So when the first gas or electric bills arrive today, after the first taste of cold days, just remember how they lived before us and feel free to shudder – as you sit in your warm house, watching the forecast and planning what to do with the kids home all day from cancelled school.

The Holidays are here! Is your Christmas tree up?

Merry Christmas & Happy New Year!

Oh, no, wait, it’s Happy Holidays!

Little early? Have you gone shopping recently? It’s November 3 and Christmas decorations/cards/wrapping paper and ads are already there. Halloween was promoted in August. The national retailers bank on the commercialization of the holidays. But was it always so? The answer is no.

thanksgiving-2The original Thanksgiving dates back to 1621 when the Wampanoag Indians shared the autumn harvest with the surviving members of the Plymouth colony. One of the few times the natives helped the colonists learn what did grow here (unlike the seeds they brought from England) and how to live in northern climate. Since then, towns and states celebrated thanksgiving individually. But in 1863, Abraham Lincoln proclaimed Thanksgiving to be a National holiday to be celebrated in November.



The Christmas Tree- Godey's Lady's Book 1860Christmas – This truly was a religious holiday – a day to celebrate in church with no work. The Christmas tree did not take off as a symbol of the holiday until the 19th century when Queen Victoria used it. The British Empire was the nation to watch and many Americans mimicked what they did, especially socially in clothing, trends and holidays. The Christmas tree was Germanic in origin, the evergreen a wistful remembrance of greener, warmer days to come. The queen’s husband, Prince Albert, was German. The queen was popular so when she had a tree decorated, everyone followed suit.

The tree was a live evergreen. It wasn’t decorated in November but in the beginning, it was a short tree, set upon a table, and decorated on Christmas Eve. Its ornaments were the gifts for the children, hung from the branches, not wrapped. The lights were candles in weighted holders that clamped on the edge of the limbs. They were lit before the children arrived. After the awe of the little ones, the candles were snuffed. A bucket of sand sat nearby in case of a fire.  Today we have multi-colored, blinking, odd shaped LED lights but I personally would love to see a candlelit tree – just for the novelty & experience of old but doubt I’ll ever get to see that. <sigh> Today’s large trees, both the real and fake, started in the late 19th century, when Americans took this idea of the tree and expanded, demanding they be the large floor-to-ceiling trees.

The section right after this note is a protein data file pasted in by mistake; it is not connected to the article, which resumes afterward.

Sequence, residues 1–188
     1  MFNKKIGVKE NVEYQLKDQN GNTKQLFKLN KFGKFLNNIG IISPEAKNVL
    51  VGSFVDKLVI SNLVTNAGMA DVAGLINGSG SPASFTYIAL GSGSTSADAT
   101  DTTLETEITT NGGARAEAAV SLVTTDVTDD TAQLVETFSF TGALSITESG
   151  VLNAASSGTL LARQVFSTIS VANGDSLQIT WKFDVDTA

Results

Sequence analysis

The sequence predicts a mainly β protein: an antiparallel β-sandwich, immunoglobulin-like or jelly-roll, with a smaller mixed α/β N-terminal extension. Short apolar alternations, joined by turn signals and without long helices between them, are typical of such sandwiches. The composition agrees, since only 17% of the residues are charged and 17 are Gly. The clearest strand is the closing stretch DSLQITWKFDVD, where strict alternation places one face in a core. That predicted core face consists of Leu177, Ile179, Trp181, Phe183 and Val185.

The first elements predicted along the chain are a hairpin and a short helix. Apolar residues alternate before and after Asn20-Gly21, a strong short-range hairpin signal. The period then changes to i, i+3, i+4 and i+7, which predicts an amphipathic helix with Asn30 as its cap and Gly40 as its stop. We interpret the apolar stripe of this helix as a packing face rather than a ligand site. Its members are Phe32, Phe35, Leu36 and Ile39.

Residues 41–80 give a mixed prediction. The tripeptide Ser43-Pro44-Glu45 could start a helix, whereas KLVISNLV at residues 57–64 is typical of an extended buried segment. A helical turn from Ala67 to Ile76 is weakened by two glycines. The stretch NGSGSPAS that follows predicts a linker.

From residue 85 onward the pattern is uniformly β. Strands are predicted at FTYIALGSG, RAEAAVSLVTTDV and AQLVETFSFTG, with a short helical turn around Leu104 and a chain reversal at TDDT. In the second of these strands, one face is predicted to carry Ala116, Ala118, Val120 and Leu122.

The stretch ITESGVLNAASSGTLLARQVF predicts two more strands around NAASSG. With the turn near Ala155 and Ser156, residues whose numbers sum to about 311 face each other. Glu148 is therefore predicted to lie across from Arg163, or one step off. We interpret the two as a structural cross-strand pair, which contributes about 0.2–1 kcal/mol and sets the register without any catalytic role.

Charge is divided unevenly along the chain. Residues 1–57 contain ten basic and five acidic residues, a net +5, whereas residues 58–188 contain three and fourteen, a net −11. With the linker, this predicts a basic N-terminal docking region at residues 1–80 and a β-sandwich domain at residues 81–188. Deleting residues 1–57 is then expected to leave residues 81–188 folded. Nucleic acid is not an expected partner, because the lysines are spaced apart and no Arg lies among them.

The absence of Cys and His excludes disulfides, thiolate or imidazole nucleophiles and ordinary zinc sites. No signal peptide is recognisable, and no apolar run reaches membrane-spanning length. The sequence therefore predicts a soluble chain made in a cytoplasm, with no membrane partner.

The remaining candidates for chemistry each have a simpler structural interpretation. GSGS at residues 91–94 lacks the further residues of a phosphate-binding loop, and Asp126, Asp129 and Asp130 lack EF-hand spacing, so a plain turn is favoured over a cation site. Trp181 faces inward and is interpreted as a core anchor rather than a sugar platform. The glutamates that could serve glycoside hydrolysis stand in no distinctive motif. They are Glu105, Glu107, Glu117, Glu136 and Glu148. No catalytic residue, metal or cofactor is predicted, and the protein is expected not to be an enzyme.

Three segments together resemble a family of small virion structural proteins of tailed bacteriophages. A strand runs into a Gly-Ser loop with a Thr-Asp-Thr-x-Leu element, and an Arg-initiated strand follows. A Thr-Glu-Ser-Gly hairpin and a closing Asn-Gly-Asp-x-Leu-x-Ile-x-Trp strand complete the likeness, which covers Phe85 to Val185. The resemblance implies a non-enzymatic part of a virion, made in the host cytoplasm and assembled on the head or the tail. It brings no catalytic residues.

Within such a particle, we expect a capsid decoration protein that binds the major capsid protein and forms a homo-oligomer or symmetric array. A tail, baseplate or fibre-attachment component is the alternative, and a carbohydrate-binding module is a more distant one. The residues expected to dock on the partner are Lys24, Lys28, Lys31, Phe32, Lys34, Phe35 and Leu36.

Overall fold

Some of the interesting gifts of the period ranged from fancy sugar cubes (processed white sugar cubes were luxury goods few could afford) or French-milled soap (very expensive, fine and scented cakes) for the ladies. Oranges were also a fancy and expensive gift due the source (i.e.: Florida) and healthy, primarily used to ward off scurvy not the cold. As a child, I grew up with oranges scattered under the tree – a family tradition from days of old. Plus it took prodding that my birthday was middle of the month (December) for me to get my mother to put up the tree for it, unlike her desire to put it up on the 22nd or so. It always came down on the 26th. Her practice comes from her family practices of years ago.

What old-fashioned traditions do you maintain, despite today’s over-commercialization? Or is your tree already up?